Proposal:

The “all-way” and “partial-way” stop signs need to be clearly different at a glance.

See Figure 4 for a proposal that is backwards-compatible with existing stop signs.

Fig 4: Proposal A (“Four leafed clover”): The traditional “octagon” stop sign (left) will now indicate partial-way stops: its meaning is now upgraded to “be EXTRA CAREFUL, because the cross traffic does not stop!”

The new “four leafed clover” stop sign (right) indicates an all-way stop, where the driver only needs to look for traffic at that stop sign before proceeding. Because existing stop signs are all the “be extra careful!” kind, we don’t need to worry about immediately replacing all existing stop signs.

stop-big-cut

Fig 5: Here is an alternative form of the “four leaf clover” sign proposed above.

Fig 6: Substantially altering the silhouette of the stop sign would make the difference even more obvious, as shown in this “emphatically on-fire” stop sign.

 

Fig 7: Sometimes it may be insufficient to just indicate whether or not an intersection is all-way or partial-way. For example, in a (rare) partial-way intersection with more than four intersecting streets, a driver may entirely miss a street.

Here, the number of dots on the stop sign indicates the number of non-stopping incoming roads. This allows the driver to know how many roads they should be looking out for.

So the five-dot sign would indicate a (very rare) 6-way intersection with only one stop sign, the three-dot one would be a four-way intersection (again, with just one stop sign), and the no-dot sign would indicate an all-way stop.

(A reflective yellow border would indicate that this is a “new style” stop sign, to avoid confusion with the previous no-border signs—otherwise, every old-style stop sign would seem to indicate an all-way stop.)

Bonus idea: It has been shown that humans have a deep-seated primal reaction to certain stimuli, such as a silhouette of a spider or of a snake about to strike. In order to make the stop sign stand out even more, so no one would ever miss it out of the corner of their eye, perhaps it could be fashioned into the likeness of a cobra, poised to strike.

PROS: May reduce traffic accidents, especially if a simple backwards-compatible system like the one in Figure 4 is adopted.

CONS: People might start to treat the partial-way “four leaf clover” stop signs like “yield” signs, and roll right through them.

Stop missing out on life because you’re wearing headphones and playing music, and your comrades have all gone off to experience something truly incredible, but you are abandoned because you didn’t hear them leave!

The issue:

If you’re wearing headphones, it can be difficult to hear when someone is trying to get your attention.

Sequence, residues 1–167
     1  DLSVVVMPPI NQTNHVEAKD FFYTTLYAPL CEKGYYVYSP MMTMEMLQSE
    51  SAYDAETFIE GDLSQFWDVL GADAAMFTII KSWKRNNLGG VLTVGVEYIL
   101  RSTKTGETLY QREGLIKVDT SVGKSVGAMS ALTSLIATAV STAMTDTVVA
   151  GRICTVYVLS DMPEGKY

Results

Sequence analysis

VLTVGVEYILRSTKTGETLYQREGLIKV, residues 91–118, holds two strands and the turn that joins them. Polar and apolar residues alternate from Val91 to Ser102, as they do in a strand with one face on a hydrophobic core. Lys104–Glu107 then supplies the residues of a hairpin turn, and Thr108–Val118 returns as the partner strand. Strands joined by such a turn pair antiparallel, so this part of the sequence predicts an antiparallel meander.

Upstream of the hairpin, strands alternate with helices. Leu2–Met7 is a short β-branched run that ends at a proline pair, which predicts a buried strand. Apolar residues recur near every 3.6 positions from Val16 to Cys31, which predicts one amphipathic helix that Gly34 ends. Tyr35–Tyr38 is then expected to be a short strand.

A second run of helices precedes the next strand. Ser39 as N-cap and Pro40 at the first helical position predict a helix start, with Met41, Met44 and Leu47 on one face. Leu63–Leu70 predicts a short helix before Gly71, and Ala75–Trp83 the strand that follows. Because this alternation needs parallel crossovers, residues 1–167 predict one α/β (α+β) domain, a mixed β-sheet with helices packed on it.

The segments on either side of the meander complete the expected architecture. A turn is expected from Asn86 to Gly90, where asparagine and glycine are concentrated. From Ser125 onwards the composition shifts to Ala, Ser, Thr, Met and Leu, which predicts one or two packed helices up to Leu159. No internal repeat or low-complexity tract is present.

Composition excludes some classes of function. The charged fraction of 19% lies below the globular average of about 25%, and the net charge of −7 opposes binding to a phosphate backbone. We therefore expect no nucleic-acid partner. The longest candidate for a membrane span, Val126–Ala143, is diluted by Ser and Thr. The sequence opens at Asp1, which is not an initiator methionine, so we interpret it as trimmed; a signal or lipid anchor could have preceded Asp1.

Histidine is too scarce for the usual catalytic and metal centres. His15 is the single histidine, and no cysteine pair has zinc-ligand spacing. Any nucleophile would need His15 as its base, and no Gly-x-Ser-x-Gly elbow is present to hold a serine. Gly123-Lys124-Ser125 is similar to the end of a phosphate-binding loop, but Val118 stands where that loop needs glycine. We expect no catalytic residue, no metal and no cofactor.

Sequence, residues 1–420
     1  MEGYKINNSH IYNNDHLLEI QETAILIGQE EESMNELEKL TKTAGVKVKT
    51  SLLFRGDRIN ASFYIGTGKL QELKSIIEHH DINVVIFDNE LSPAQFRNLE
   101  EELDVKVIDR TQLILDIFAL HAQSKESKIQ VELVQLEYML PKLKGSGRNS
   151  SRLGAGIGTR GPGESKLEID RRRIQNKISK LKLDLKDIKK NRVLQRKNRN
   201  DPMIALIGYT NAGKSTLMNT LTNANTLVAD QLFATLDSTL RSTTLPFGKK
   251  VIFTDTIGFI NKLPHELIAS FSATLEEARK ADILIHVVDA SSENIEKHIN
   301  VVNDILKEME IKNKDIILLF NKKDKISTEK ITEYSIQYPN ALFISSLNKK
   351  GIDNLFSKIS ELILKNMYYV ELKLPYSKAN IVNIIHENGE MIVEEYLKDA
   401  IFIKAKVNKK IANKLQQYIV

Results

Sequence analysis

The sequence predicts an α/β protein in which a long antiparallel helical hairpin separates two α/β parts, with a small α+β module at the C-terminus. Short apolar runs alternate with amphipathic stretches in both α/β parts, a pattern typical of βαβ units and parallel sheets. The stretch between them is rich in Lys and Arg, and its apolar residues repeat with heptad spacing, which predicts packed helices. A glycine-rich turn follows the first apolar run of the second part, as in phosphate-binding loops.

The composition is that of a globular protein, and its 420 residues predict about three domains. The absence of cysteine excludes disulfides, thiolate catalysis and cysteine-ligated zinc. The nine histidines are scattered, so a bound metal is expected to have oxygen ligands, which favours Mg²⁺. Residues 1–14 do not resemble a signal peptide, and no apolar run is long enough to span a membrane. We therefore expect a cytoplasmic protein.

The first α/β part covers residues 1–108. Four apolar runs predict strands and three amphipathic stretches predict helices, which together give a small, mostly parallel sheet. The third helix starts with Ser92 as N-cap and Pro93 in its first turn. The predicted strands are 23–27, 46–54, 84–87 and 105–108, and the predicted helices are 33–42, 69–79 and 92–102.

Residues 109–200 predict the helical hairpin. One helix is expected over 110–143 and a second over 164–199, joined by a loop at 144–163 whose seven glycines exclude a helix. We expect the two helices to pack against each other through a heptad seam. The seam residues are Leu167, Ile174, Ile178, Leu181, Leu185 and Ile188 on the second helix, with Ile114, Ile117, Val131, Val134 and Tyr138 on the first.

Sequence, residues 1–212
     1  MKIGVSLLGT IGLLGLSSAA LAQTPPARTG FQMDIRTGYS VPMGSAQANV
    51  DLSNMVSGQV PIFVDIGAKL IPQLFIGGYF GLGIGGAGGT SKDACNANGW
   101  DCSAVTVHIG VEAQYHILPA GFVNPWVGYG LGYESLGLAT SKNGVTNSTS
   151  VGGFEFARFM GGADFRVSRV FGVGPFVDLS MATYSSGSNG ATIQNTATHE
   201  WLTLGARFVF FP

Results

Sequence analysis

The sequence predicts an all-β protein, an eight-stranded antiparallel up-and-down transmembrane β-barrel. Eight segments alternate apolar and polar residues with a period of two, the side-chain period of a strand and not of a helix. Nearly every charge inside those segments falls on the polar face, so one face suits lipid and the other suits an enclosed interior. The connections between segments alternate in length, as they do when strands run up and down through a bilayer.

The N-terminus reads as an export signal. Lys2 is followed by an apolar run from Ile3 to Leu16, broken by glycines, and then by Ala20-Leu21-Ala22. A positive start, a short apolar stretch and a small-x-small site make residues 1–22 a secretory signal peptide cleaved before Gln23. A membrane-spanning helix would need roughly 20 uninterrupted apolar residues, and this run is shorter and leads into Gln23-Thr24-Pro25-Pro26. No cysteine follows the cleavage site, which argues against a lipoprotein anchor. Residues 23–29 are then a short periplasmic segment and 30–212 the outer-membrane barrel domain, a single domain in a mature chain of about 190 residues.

(Similarly, it can be heard to get the attention of someone wearing headphones without startling them.)

Proposal:

Headphones could have a small microphone on them with a processing unit that could listen for certain words.

When the headphones detect a specific trigger word (for example, the user’s name, or important phrases like “free food in the break room” or “someone’s breaking into your car”), the headphones would temporarily reduce playback volume.

headphone

Fig. 1: These headphones have a microphone that listens for certain user-specified key phrases that will cause playback to be temporarily muted.

The user would need to specifically configure a set of phrases of interest. For example, a user would most likely want their own name to mute the headphones, but probably they wouldn’t want their a co-worker’s name to also have this effect.

 

 

 

mute-action

Fig. 2: Here is an example for a headphone-wearer named Joe. The headphones would most likely incorrectly reduce the volume in situations F and G, unless sophisticated linguistic processing was performed to determine that they do not actually refer to the user “Joe.”

Conclusion:

This seems like a product that could actually exist. It might be annoying to configure the headphones for your specific name, however.

PROS: All of them!

CONS: If you have a name that shares syllables with common words, this set of headphones might not work too well. It is recommended that you change your name in such a situation.

With these five amazing steps, you can stop stumbling about in a mad and fumbling rage while you try to determine which light switch controls each light in your house!

The issue:

In many houses, certain rooms—especially kitchens and living rooms—have a half dozen or more light switches that control a wide array of lights and other accessories.

Often, even after many years, the house’s occupant never learns which switch is which.

Proposal:

Instead of just randomly picking a switch to toggle until the correct light is activated, light switches should be labeled. Easy!

Ideally, this should be done when the house is built, so that the labels can be laser-cut and/or printed onto the switch panels in a way that matches the overall interior design.

But in a pinch, you can just use a piece of white paper and double-sided tape.

Label your switches 1

Fig. 1: An example of a standard confusingly-designed set of light switches. Each switch toggles a seemingly random set of lights. But now that they are labeled, it’s clear what each switch does.

Conclusion:

You should label your lights if your house has confusing wiring (which is probably the case).

Label your switches 2

Fig. 2: Some switches may have a non-light-based effect, such as starting a gas fireplace (far left) or performing a mystery function that only the original electrician understands (far right).

PROS: Probably a sensible suggestion!

CONS: Labels may negatively impact your home’s minimalist aesthetic.